Heroin Addiction In U.S. Growing But Lower Than Problem In 1970s


The U.S. is in the grips of one of the worst heroin epidemics in its history, declares the Cincinnati Enquirer in the first of a five-part series. The newspaper attributes the problem partly to “a flood of cheap doses of the drug, which can be had for as little as $4 apiece, ordered on dark corners of the Web and delivered to front doors in the suburbs. In some regions, such as the Great Lakes states, heroin is deemed ‘highly available’ by local police in more than three times the number of communities as it was just seven years ago.” Heroin’s resurgence has sparked a flurry of action from governors’ mansions and statehouses across New England and the Midwest to small-town police stations from Northern Kentucky to Wisconsin.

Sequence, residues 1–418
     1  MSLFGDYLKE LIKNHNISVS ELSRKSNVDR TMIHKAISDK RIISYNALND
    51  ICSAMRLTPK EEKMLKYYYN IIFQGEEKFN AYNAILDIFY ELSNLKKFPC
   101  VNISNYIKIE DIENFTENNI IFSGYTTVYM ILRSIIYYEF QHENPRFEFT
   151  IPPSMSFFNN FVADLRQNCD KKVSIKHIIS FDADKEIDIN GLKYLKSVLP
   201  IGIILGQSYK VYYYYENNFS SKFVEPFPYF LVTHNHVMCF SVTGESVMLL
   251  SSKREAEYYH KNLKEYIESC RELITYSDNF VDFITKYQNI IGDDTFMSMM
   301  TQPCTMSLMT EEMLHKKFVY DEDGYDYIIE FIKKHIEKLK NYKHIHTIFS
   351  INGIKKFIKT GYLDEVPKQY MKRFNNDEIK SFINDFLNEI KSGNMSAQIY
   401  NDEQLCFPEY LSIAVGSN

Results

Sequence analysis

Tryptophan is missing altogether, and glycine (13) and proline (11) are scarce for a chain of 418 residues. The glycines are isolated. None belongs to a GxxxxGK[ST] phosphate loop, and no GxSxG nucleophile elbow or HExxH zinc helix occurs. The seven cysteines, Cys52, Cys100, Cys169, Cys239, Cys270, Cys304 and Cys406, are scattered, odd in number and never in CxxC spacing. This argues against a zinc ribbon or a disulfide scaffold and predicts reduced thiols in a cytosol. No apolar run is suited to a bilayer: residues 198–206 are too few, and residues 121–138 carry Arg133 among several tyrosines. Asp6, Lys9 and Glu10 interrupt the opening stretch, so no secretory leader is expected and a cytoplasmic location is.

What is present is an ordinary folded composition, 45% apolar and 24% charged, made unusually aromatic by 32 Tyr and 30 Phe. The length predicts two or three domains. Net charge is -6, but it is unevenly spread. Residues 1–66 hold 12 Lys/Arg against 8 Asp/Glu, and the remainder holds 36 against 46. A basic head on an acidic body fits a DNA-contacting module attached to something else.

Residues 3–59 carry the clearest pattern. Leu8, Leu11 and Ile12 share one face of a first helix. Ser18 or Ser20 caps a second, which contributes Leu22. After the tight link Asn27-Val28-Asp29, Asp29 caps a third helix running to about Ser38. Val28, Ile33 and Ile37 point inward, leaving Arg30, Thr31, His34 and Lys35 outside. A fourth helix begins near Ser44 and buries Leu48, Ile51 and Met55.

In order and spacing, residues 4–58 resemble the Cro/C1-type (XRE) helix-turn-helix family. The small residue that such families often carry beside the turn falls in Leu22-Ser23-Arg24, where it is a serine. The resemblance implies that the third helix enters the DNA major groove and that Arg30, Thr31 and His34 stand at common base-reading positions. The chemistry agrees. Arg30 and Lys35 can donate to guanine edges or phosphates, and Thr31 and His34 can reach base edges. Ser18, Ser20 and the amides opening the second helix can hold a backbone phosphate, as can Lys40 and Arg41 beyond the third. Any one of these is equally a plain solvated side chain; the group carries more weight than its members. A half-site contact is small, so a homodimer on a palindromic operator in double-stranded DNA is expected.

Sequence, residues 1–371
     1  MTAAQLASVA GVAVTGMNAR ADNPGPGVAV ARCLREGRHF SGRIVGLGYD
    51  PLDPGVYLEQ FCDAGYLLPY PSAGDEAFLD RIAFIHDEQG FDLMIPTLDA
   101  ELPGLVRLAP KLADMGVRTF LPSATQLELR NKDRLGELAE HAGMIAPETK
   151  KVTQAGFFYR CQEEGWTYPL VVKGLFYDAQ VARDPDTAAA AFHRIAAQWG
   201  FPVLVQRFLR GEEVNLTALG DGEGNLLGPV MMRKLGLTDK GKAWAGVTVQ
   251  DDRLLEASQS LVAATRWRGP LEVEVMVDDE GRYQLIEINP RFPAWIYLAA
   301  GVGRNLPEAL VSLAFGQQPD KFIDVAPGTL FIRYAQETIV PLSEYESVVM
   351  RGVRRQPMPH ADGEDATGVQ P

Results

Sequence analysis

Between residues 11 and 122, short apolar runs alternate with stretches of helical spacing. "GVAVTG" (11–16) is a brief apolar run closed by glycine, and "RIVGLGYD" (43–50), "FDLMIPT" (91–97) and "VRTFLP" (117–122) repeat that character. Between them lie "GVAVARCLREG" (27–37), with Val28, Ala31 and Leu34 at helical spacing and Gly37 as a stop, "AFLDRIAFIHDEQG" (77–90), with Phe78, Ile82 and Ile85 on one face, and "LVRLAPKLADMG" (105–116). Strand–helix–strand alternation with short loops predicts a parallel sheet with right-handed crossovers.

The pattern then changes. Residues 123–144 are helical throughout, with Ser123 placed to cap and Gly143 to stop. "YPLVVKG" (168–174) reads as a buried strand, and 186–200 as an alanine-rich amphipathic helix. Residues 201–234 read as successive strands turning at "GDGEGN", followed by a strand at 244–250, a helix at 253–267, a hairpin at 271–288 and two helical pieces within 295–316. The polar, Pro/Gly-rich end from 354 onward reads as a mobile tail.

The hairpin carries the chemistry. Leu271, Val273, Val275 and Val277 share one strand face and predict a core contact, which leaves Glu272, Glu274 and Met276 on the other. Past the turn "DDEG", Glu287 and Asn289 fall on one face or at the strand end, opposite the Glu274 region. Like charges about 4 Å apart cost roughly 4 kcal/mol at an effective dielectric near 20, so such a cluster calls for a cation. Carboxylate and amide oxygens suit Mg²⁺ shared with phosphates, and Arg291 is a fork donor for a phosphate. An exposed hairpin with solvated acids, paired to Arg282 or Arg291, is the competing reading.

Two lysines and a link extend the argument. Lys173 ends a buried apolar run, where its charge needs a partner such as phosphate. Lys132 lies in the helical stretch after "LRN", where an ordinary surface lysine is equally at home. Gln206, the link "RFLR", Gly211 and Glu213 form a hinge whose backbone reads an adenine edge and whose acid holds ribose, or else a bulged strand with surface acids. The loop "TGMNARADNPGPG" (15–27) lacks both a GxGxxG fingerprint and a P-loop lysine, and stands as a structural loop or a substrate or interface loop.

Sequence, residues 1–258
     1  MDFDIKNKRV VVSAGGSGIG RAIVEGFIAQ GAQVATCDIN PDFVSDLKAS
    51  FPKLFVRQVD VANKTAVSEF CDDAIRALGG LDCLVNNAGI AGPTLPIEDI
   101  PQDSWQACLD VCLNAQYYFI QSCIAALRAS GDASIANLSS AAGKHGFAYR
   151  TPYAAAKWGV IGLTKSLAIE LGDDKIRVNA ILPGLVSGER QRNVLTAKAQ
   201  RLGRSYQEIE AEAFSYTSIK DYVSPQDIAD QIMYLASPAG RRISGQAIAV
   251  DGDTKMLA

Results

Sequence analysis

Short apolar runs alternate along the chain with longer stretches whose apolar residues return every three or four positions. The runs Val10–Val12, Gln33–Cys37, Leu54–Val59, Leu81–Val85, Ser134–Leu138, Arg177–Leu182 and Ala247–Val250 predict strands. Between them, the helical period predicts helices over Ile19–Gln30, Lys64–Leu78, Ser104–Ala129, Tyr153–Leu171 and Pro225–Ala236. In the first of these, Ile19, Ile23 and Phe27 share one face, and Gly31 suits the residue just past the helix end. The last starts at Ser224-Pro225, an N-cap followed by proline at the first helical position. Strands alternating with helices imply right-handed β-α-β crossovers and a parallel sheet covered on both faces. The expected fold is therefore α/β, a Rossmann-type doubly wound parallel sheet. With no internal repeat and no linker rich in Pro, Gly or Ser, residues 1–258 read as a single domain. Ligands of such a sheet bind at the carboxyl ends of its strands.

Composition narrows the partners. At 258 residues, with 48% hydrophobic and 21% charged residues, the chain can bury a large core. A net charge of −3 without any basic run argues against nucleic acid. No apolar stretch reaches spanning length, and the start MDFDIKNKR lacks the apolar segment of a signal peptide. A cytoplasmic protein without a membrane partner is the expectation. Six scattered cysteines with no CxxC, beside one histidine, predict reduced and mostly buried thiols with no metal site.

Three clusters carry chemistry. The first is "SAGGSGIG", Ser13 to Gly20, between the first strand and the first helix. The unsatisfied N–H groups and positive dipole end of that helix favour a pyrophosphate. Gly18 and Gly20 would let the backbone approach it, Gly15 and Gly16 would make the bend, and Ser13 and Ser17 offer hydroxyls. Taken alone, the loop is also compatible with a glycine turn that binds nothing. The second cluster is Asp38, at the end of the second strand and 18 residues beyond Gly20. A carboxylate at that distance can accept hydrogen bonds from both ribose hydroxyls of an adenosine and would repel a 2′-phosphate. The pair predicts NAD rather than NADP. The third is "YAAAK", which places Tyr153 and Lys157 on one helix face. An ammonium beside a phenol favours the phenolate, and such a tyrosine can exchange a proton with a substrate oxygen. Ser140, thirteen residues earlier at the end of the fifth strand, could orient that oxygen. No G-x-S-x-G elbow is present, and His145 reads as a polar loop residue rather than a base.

It is a full-blown health crisis that cuts across geographic, social, racial and economic boundaries. “It’s really on the top of everyone’s radar from a public health perspective,” said Thomas MacLellan, director of homeland security and public safety for the National Governors Association. Government studies estimate the number of heroin users is around 330,000 and growing, up about 75 percent from five years ago and up almost three times compared with the decade low of 119,000 in 2003. It’s a level of regular usage not seen since heroin’s peak in the mid-1970s, when government studies estimated 550,000 regular users. Although heroin represents a small fraction of the nearly 24 million Americans who misuse drugs overall, heroin use is growing faster than all others. Heroin and related opioid pain pills have killed more than 125,000 in the U.S. in the past 10 years.

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